The whole dataset was divided into three subsets corresponding to three periods: 2011-2012, 2013-2015 and 2016-2017 since volatile quantification was performed by a different technician in each period and the sugars and acids quantifications were performed three times from frozen samples according to these periods. We observed significant differences in chemical abundance among periods. In order to compensate for technical differences, the normalization method of autoscaling69 was conducted for each chemical compound within each period such that periods centered to the same mean and standard deviation. Correlations, clustering and predictive models were built on merged data combining three auto-scaled datasets. Pearson correlations were conducted for all pairs of consumer attributes and chemical compounds.
After false discovery rate (FDR) correction, the correlation matrix was plotted with the “corrplot” package in R for visualization of the relationships. Correlations were filtered with p < 0.01 and order of variables was ranked via hierarchical clustering. Non-supervised hierarchical clustering analysis was conducted with the “pvclust” package in R using method.hclust = “ward”. AU (Approximately Unbiased) p-values and BP (Bootstrap Probability) p-values were calculated via multiscale bootstrap resampling to measure the confidence of the clusters70. Sensory-chemical network was constructed with the “ggraph” package in R. Only significant correlations were retained after Bonferroni correction to reduce the number of edges for better visualization. Significant relationships between nodes were connected by edges. Kleinberg’s authority centrality scores were calculated for each node to reveal importance of the volatiles in the network.
Partial least square models were built with the “PLS” package in R. Sweetness and consumer liking were regressed on sugars, acids, volatiles and texture liking. Three PLS models corresponded to the three datasets: 2011-2012, 2013-2015 and 2016-2017. The variable importance for the projection (VIP)71 was calculated with the R package “PLSVarSel” to reveal important compounds for predictions. We selected 3 principal components for all models due to the smallest square root of mean square error (RMSE) for this number of components (data not shown). A chemical compound was deemed to be important to predict a sensory response if it had a minimum VIP score of 1.072 in two or more of the three datasets. For each of the compounds, a t-test on the slope of the volatile β was applied in a multiple linear regression containing the volatile and total sugars.
Machine learning algorithms were compared for prediction accuracy of liking and sweetness with the “caret” package in R. The whole dataset was split randomly into training (90%) and test (10%) sets for cross-validation (CV). Training dataset were then trained with Random Forest (RF), bayesGLM, GLM, GLMBOOST, LASSO, and PLS models. For comparison, a simple GLM model of individual sugars and acids was constructed using only sucrose, glucose, fructose, malic acid and citric acid. SVMlinear and xgbDART models were also tested but are not reported due to low performance and long computational time, respectively. Nested cross validation of five-fold was performed within 90% training data to tune the hyperparameters. A hundred iterations of nested cross validation were performed to evaluate the stability of model performance.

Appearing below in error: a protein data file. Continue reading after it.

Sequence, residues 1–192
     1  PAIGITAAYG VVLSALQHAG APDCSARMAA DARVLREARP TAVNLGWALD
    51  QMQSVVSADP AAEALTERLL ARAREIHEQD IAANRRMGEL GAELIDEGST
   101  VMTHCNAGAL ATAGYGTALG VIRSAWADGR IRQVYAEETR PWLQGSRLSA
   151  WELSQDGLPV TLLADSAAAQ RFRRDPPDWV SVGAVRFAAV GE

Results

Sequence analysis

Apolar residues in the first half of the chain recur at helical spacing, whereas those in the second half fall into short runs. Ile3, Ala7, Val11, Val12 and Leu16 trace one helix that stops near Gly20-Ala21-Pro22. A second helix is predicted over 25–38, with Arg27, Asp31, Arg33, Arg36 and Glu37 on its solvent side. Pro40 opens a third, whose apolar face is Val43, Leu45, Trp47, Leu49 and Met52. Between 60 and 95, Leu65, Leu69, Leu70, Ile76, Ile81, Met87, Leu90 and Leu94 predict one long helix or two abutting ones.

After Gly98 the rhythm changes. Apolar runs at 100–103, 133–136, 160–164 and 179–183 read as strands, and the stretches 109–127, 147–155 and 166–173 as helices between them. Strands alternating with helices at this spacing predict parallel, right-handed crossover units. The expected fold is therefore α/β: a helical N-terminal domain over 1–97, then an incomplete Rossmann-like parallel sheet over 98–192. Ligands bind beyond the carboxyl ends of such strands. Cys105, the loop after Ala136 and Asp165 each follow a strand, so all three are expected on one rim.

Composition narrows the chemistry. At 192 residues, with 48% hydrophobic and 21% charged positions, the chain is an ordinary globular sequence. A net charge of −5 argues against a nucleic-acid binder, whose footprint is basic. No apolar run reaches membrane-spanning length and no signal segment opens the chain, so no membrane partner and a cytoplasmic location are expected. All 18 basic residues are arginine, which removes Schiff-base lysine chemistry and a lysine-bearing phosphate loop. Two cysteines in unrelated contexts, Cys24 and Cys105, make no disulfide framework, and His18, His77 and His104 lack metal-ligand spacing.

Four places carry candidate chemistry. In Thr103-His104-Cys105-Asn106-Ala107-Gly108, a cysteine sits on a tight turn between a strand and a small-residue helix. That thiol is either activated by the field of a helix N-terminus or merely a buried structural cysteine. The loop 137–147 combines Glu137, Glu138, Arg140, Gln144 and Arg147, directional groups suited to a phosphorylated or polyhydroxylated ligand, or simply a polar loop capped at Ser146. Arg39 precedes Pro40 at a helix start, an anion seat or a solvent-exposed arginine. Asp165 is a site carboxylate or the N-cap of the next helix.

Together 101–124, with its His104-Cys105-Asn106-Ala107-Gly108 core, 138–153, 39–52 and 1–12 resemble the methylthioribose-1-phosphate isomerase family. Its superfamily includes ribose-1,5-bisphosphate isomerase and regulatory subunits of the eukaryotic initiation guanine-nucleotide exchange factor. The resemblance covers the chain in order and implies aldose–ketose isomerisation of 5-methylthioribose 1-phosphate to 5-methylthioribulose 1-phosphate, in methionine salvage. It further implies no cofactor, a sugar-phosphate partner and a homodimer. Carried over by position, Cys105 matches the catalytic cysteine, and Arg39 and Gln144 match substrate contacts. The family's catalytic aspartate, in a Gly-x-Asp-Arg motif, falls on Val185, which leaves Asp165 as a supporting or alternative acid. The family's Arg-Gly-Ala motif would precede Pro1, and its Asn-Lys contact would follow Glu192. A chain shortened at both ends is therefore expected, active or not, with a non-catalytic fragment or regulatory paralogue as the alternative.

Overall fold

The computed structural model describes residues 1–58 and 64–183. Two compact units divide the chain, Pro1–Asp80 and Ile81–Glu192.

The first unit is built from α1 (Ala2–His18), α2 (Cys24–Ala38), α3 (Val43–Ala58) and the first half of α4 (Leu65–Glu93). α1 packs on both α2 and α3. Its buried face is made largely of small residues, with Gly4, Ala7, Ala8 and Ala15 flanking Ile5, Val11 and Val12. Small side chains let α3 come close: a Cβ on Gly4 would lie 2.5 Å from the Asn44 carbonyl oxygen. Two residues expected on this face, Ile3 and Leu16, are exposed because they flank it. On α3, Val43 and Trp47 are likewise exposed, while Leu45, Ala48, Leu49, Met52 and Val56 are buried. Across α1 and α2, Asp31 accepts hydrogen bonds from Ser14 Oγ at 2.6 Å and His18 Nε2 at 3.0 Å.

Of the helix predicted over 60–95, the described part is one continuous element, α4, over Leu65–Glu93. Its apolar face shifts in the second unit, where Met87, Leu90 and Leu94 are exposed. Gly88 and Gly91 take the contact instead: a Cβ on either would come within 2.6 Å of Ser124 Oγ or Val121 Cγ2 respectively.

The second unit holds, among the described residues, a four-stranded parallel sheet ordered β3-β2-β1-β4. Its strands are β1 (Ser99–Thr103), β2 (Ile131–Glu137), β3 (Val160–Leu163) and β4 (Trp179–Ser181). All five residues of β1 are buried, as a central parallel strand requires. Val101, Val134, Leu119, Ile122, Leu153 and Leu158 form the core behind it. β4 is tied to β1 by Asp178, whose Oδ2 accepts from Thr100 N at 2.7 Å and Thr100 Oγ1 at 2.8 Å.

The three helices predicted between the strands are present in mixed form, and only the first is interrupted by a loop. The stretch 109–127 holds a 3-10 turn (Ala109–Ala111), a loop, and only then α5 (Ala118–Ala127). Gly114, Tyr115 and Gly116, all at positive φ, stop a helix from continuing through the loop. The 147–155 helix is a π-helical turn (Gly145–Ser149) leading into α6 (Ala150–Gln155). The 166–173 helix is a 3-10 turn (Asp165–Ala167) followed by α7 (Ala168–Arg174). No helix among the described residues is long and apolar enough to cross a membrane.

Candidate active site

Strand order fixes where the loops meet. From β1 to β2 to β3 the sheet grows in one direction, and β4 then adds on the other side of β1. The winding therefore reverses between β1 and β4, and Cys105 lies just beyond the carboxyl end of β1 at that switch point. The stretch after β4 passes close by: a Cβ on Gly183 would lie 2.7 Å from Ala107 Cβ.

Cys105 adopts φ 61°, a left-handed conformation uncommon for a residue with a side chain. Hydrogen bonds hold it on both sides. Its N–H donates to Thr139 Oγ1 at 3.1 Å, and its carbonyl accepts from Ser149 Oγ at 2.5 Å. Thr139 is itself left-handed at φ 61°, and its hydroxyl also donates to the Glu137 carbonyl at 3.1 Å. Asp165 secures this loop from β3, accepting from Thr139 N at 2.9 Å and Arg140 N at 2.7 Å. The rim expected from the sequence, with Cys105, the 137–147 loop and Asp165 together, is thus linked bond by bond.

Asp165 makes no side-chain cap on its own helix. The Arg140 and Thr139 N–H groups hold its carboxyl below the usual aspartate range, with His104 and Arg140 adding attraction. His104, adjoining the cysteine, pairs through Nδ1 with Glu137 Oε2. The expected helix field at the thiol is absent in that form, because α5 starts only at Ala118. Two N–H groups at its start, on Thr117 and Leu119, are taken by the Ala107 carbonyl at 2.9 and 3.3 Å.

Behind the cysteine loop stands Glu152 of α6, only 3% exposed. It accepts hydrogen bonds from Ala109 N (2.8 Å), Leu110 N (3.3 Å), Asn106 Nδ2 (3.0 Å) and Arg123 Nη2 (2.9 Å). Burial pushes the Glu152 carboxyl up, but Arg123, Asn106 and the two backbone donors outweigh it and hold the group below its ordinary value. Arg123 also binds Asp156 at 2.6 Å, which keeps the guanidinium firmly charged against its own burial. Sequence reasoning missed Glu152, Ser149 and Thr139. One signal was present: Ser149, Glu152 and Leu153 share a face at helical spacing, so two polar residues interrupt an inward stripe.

Genetic diversity analysis
Twenty-six cultivars and selections included in the sensory study were also genotyped (Supplementary Table S7). These included UF germplasm, UC-Davis cultivars and two cultivars from other origins. Genotyping was performed using the 38 K Axiom® IStraw35 384HT array37. Principal component analysis (PCA) was conducted to examine genetic relationships among samples from different origins. SNPs with missing data were omitted in the PCA analyses. A similar PCA was also conducted using chemical data. Individual plots were plotted with the “factoextra” package in R.
Genetic association analysis
Eight experimental populations, genotyping methods and volatile collection and quantification methods for this analysis are described previously73. In brief, eight outcrosses were made among octoploid cultivars and elite materials between year 2012 and 2016. Two to four clonal replicates of each seedling were established in single plots in the research field. Fruits were collected three times for each seedling during its growing season. Fruit samples were instantly frozen in liquid nitrogen upon harvest and stored at −80 °C prior to quantification with GC-MS. Relative abundances of individual esters were normalized via the Box-Cox transformation algorithm performed in R-studio prior to genetic correlation. Association analysis was performed using the mixed linear model method implemented in GAPIT v374 in R, using marker positions oriented to the linkage map derived from the ‘Holiday’ x ‘Korona’ mapping population75. Genetic associations were evaluated for significance based on the presence of multiple co-locating markers of p-value < 0.05 after FDR multiple comparisons correction.
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The authors acknowledge the significant efforts of the UF strawberry breeding program technical staff in growing and maintaining breeding trials, harvests and fruit transportation, as well as the staff members of the Sims and Colquhoun labs in processing and analyzing such large amounts of samples.
Conflict of interest
T.H. performed his part of this study while employed at UF/IFAS GCREC and was later employed by Elo Life Systems, Durham, NC, United States by the time of submission. T.J. performed his part of this study while employed at UF/IFAS Environmental Horticulture and was later employed by Driscoll’s Strawberry Associates by the time of submission. The remaining authors declare that they have no conflict of interest.
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Fan, Z., Hasing, T., Johnson, T.S. et al. Strawberry sweetness and consumer preference are enhanced by specific volatile compounds. Hortic Res 8, 66 (2021). https://doi.org/10.1038/s41438-021-00502-5